2 compressors with parallel compression

Discussion in 'Mixing and Mastering' started by Audioware, Aug 24, 2016.

  1. Audioware

    Audioware Noisemaker

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    This is a bit of a noob question, when parallel compressing , do you use two compressors? for example:

    A: is drum bus
    B: is parallel compression

    I understand compressing B heavily then mixing the signal with A, but do I compress A aswell? or is A suppose to be completely dry because you want lots of punch? I was thinking compressing A with a high attack/ fast release and hardly touching the compressor to keep transients and for general glue, then slamming B with a compressor and mixing it with A?
     
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  3. Baxter

    Baxter Audiosexual

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    A is unprocessed (no compressor).
    B is squashed (compressor).

    Mix together (raise squashed from nothing until it sounds good. Usually less is more, and it can easily be overdone). If you also add an EQ (post compressor) with low-end boost and high-end boost (shelving) on the squashed signal, the process is called New York (NY) Compression.

    As almost all DAWs these days have correct PDC (Plugin Delay compensation) you don't need to put a compressor (at 1:1, doing nothing) on A. But back in the days when latency compensation was a bit iffy (Ableton Live still seems to be suffering afaik) you had to insert a compressor )same compressor as B) that did nothing, just to align them so that both signals had the same latency.
     
    Last edited: Aug 24, 2016
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  4. muaB

    muaB Producer

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    everything baxter says is true.

    never used that feature but cytomic the glue has a wet/dry built in feature. as many more probably do.

    that one is nifty
     
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  5. Gwydion

    Gwydion Kapellmeister

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    yes, the "glue" has it while f.e. Waves SSL Comp doesn't. And if you wanna apply additional things only to the heavily compressed signal, like EQing it as Baxter mentioned, a wet/dry or mix button on the comp doesn't help. You then have to send the signal to a bus (which doubles it!) or use a plugin like DDMF Metaplugin or a Blue Cat one, forgot the name.
     
  6. Baxter

    Baxter Audiosexual

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    Or you can duplicate the track (if audio) and put a compressor (any compressor) on the duplicate.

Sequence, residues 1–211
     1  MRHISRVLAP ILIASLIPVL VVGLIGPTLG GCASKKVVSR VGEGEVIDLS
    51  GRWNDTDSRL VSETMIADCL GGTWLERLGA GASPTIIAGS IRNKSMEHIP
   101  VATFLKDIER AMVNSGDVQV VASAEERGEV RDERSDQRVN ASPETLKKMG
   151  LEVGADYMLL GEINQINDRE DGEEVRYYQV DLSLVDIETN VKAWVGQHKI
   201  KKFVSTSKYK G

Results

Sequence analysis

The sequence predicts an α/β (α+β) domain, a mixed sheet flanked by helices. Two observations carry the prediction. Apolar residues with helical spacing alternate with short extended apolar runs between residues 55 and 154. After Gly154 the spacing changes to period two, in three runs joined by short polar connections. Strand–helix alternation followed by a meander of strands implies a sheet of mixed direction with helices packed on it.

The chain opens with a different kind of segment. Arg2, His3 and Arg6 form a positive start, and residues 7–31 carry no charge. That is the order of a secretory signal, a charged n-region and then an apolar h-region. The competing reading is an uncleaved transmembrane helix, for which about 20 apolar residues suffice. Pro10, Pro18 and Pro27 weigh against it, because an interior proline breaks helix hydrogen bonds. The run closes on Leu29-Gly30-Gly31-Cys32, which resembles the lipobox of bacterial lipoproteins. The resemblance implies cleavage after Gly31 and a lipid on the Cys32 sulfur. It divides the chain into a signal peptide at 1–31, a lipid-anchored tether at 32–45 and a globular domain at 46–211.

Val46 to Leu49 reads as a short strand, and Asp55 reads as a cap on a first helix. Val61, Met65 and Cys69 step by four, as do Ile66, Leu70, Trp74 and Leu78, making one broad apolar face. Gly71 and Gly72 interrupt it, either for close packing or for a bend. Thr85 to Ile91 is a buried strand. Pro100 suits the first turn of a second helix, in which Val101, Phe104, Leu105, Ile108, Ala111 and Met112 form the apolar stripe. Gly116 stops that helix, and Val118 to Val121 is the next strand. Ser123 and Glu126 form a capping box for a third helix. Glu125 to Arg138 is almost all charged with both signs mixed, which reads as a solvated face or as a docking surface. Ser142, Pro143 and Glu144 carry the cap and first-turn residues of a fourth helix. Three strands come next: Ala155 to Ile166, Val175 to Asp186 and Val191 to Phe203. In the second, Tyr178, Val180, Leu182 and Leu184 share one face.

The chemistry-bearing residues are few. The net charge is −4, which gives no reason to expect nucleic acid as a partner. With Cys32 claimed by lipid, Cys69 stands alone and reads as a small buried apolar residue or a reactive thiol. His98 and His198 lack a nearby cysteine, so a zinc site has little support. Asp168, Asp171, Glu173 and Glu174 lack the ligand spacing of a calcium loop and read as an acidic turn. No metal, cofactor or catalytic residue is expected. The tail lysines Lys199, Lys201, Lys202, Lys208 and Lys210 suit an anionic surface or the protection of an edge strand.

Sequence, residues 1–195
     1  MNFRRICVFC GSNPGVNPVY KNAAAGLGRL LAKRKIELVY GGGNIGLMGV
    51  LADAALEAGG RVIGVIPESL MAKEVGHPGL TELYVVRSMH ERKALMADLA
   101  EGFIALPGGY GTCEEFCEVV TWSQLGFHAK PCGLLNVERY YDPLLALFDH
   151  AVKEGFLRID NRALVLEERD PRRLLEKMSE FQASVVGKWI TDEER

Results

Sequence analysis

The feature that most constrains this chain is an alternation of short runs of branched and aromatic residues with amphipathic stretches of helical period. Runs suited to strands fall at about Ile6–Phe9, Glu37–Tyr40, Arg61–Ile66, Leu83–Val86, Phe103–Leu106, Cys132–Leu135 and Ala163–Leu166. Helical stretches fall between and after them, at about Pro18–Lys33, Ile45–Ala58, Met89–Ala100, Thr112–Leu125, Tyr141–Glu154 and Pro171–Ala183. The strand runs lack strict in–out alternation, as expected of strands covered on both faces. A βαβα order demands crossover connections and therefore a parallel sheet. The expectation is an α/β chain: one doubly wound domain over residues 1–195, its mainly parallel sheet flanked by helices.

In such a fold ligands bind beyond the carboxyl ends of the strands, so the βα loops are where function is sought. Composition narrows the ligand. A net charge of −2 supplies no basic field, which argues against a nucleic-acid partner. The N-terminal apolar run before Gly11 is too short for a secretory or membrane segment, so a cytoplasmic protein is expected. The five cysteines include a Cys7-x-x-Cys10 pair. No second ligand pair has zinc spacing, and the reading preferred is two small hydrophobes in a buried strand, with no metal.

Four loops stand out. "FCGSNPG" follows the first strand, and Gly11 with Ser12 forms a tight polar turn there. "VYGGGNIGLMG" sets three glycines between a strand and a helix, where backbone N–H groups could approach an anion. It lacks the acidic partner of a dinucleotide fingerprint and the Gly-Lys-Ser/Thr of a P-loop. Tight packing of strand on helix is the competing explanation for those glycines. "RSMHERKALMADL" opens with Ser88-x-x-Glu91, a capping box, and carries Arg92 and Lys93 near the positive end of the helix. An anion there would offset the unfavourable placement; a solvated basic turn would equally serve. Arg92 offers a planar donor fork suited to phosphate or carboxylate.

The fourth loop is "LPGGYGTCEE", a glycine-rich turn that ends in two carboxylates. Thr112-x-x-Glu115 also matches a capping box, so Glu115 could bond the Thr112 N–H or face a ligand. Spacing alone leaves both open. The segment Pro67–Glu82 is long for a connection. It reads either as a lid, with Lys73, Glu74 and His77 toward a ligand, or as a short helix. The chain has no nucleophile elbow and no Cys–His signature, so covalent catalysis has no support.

More and more compressors are getting mix knobs, thankfully.
     
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  7. Audioware

    Audioware Noisemaker

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    Nice, thanks for the advice mate
     
  8. Havok

    Havok Newbie

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    Also, there is nothing wrong with using 2 compressors with different setting (as long as they don't cause phase issues) in parallel, if it sounds good. do it!
     
  9. Sylenth.Will.Fall

    Sylenth.Will.Fall Audiosexual

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    I remember years ago using the Ableton Live Multiband Compressor x3.

    Place two copies of the original source giving 3 channels with a multiband compressor on each. One would be used for the bass & low end, one for the high end, the other for all the mids. You then just simply blend the bass followed by the treble into the mids. It did give great control over the sound but extremely tedious.

    I have my eye on the Shadow Hills Mastering Compressor, but that's just a pipe dream for now

    http://vintageking.com/shadow-hills-industries-mastering-compressor.
     
  10. PopstarKiller

    PopstarKiller Platinum Record

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    Depends what I want to achieve. Fast and slow compression is a completely different matter, so say if the drum buss is too flat, I might add slow compression to make it more punchy and highlight the transients, then send it to a fast compressor in order to even the general level, provide a steady floor or bring out the room/overheads. Same with vocals, light compression on the original track, heavy compression on parallel. Otherwise the original (which is generally stronger in peak level) is too dynamic.
     
  11. kjfarrell

    kjfarrell Platinum Record

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    Be careful with wet dry knobs, they don't always work as expected.
     
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